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  1. As transposon sequencing (TnSeq) assays have become prolific in the microbiology field, it is of interest to scrutinize their potential drawbacks. TnSeq data consist of millions of nucleotide sequence reads that are generated by PCR amplification of transposon-genomic junctions. Reads mapping to the junctions are enumerated thus providing information on the number of transposon insertion mutations in each individual gene. Here we explore the possibility that PCR amplification of transposon insertions in a TnSeq library skews the results by introducing bias into the detection and/or enumeration of insertions. We compared the detection and frequency of mapped insertions when altering the number of PCR cycles, and when including a nested PCR, in the enrichment step. Additionally, we present nCATRAs - a novel, amplification-free TnSeq method where the insertions are enriched via CRISPR/Cas9-targeted transposon cleavage and subsequent Oxford Nanopore MinION sequencing. nCATRAs achieved 54 and 23% enrichment of the transposons and transposon-genomic junctions, respectively, over background genomic DNA. These PCR-based and PCR-free experiments demonstrate that, overall, PCR amplification does not significantly bias the results of TnSeq insofar as insertions in the majority of genes represented in our library were similarly detected regardless of PCR cycle number and whether or not PCR amplification was employed. However, the detection of a small subset of genes which had been previously described as essential is sensitive to the number of PCR cycles. We conclude that PCR-based enrichment of transposon insertions in a TnSeq assay is reliable, but researchers interested in profiling putative essential genes should carefully weigh the number of amplification cycles employed in their library preparation protocols. In addition, nCATRAs is comparable to traditional PCR-based methods (Kendall’s correlation=0.896–0.897) although the latter remain superior owing to their accessibility and high sequencing depth.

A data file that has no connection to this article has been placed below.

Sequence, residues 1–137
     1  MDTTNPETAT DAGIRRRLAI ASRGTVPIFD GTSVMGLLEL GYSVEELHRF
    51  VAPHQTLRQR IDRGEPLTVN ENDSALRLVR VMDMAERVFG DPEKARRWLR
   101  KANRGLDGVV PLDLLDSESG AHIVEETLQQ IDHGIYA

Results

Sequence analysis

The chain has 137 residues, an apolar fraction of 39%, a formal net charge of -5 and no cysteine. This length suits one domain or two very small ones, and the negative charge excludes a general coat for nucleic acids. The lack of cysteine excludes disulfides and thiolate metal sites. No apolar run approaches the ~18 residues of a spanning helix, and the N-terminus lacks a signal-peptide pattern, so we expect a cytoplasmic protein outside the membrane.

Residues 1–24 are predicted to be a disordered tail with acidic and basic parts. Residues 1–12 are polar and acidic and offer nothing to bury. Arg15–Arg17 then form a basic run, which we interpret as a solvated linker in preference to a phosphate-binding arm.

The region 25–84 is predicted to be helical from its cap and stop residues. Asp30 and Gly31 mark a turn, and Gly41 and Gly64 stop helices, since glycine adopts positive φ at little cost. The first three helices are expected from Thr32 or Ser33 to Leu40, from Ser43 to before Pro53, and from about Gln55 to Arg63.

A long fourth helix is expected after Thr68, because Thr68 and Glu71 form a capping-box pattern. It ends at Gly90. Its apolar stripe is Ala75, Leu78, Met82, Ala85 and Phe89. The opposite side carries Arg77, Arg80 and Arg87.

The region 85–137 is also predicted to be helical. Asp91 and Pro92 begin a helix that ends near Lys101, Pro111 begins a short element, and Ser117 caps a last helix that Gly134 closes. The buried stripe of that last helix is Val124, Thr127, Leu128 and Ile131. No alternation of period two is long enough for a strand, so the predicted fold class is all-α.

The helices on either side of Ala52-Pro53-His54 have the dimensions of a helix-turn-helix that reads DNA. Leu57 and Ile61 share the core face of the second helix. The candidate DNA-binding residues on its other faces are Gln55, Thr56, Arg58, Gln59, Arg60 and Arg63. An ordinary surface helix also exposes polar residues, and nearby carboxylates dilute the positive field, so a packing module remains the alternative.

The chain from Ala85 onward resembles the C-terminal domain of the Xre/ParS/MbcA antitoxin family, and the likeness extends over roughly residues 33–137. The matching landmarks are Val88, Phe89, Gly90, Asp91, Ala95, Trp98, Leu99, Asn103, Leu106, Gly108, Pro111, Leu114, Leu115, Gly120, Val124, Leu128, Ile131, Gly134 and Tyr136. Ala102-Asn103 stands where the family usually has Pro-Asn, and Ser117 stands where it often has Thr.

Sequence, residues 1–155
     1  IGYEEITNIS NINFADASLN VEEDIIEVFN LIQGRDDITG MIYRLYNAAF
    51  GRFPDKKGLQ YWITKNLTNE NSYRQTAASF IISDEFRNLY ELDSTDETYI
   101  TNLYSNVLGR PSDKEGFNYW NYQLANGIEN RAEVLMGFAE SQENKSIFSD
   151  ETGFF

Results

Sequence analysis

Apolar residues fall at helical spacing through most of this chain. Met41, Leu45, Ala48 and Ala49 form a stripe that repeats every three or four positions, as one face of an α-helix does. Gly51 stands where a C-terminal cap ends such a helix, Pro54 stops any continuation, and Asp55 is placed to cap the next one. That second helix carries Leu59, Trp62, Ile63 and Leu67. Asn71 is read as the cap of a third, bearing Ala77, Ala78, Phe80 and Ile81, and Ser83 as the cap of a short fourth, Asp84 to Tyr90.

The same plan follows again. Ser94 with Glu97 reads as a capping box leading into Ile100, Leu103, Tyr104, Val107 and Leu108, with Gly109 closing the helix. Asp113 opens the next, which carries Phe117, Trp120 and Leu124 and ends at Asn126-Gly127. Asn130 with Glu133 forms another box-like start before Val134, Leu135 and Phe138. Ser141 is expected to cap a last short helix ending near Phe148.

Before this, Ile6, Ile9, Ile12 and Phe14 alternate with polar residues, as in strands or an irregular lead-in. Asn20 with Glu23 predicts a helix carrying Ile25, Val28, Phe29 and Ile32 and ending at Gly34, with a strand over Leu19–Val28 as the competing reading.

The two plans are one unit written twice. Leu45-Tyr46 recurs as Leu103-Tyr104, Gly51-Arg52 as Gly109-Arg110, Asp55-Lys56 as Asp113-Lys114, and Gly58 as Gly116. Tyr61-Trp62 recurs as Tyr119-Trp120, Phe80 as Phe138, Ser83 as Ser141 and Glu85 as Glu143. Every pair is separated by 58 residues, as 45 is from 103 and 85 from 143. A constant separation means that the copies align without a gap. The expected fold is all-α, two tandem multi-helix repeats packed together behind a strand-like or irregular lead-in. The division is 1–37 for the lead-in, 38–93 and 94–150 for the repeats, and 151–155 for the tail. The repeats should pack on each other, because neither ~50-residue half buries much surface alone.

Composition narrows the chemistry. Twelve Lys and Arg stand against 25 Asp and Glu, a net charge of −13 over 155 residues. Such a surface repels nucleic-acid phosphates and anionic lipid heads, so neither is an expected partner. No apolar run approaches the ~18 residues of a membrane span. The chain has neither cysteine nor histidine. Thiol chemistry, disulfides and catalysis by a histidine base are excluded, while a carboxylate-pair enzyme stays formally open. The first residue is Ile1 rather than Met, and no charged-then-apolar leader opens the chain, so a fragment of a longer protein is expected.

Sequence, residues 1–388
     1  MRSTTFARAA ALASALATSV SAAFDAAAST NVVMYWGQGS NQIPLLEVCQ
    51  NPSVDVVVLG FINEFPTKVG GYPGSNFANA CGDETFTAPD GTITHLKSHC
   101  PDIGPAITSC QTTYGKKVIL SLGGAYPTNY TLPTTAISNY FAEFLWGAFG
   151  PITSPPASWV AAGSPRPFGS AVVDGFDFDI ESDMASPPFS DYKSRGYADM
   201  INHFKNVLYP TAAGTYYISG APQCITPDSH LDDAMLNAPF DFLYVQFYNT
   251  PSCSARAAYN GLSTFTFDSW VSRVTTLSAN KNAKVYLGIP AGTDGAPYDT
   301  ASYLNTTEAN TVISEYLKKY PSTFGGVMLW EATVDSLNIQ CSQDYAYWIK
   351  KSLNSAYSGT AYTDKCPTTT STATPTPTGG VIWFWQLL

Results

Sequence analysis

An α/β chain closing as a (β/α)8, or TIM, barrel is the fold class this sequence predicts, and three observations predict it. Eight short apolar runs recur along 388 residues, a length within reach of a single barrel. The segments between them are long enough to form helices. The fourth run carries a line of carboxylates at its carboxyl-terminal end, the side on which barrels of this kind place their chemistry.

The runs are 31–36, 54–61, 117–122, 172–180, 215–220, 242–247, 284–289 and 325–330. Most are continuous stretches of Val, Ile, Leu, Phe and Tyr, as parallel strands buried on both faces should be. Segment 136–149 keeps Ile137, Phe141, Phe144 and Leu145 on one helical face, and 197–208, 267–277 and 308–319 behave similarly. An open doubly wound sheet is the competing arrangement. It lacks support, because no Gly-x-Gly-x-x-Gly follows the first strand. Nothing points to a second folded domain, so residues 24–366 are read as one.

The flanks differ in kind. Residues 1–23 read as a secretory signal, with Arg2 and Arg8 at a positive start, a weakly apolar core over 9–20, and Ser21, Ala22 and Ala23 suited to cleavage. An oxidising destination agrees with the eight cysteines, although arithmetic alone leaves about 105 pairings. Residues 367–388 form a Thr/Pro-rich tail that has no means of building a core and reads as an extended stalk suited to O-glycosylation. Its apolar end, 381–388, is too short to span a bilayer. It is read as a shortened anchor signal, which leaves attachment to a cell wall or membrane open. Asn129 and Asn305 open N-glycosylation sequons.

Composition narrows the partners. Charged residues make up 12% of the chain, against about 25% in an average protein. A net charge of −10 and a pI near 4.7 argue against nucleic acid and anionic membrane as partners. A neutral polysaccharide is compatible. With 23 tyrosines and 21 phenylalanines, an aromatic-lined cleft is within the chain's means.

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  2. Freitag, Nancy E. (Ed.)
    ABSTRACT Mutation of purR was previously shown to enhance the virulence of Staphylococcus aureus in a murine sepsis model, and this cannot be fully explained by increased expression of genes within the purine biosynthesis pathway. Rather, the increased production of specific S. aureus virulence factors, including alpha toxin and the fibronectin-binding proteins, was shown to play an important role. Mutation of purR was also shown previously to result in increased abundance of SarA. Here, we demonstrate by transposon sequencing that mutation of purR in the USA300 strain LAC increases fitness in a biofilm while mutation of sarA has the opposite effect. Therefore, we assessed the impact of sarA on reported purR -associated phenotypes by characterizing isogenic purR , sarA , and sarA/purR mutants. The results confirmed that mutation of purR results in increased abundance of alpha toxin, protein A, the fibronectin-binding proteins, and SarA, decreased production of extracellular proteases, an increased capacity to form a biofilm, and increased virulence in an osteomyelitis model. Mutation of sarA had the opposite effects on all of these phenotypes and, other than bacterial burdens in the bone, all of the phenotypes of sarA / purR mutants were comparable to those of sarA mutants. Limiting the production of extracellular proteases reversed all of the phenotypes of sarA mutants and most of those of sarA/purR mutants. We conclude that a critical component defining the virulence of a purR mutant is the enhanced production of SarA, which limits protease production to an extent that promotes the accumulation of critical S. aureus virulence factors. 
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  3. Abstract

    Bloodstream infections, especially those that are antibiotic resistant, pose a significant challenge to health care leading to increased hospitalization time and patient mortality. There are different facets to this problem that make these diseases difficult to treat, such as the difficulty to detect bacteria in the blood and the poorly understood mechanism of bacterial invasion into and out of the circulatory system. However, little progress has been made in developing techniques to study bacteria dynamics in the bloodstream. Here, we present a new approach using anin vivoflow cytometry platform for real‐time, noninvasive, label‐free, and quantitative monitoring of the lifespan of green fluorescent protein‐expressingStaphylococcus aureusandPseudomonas aeruginosain a murine model. We report a relatively fast average rate of clearance forS. aureus(k= 0.37 ± 0.09 min−1, half‐life ~1.9 min) and a slower rate forP. aeruginosa(k= 0.07 ± 0.02 min−1, half‐life ~9.6 min). We also observed what appears to be two stages of clearance forS. aureus, whileP. aeruginosaappeared only to have a single stage of clearance. Our results demonstrate that an advanced research tool can be used for studying the dynamics of bacteria cells directly in the bloodstream, providing insight into the progression of infectious diseases in circulation. © 2019 International Society for Advancement of Cytometry

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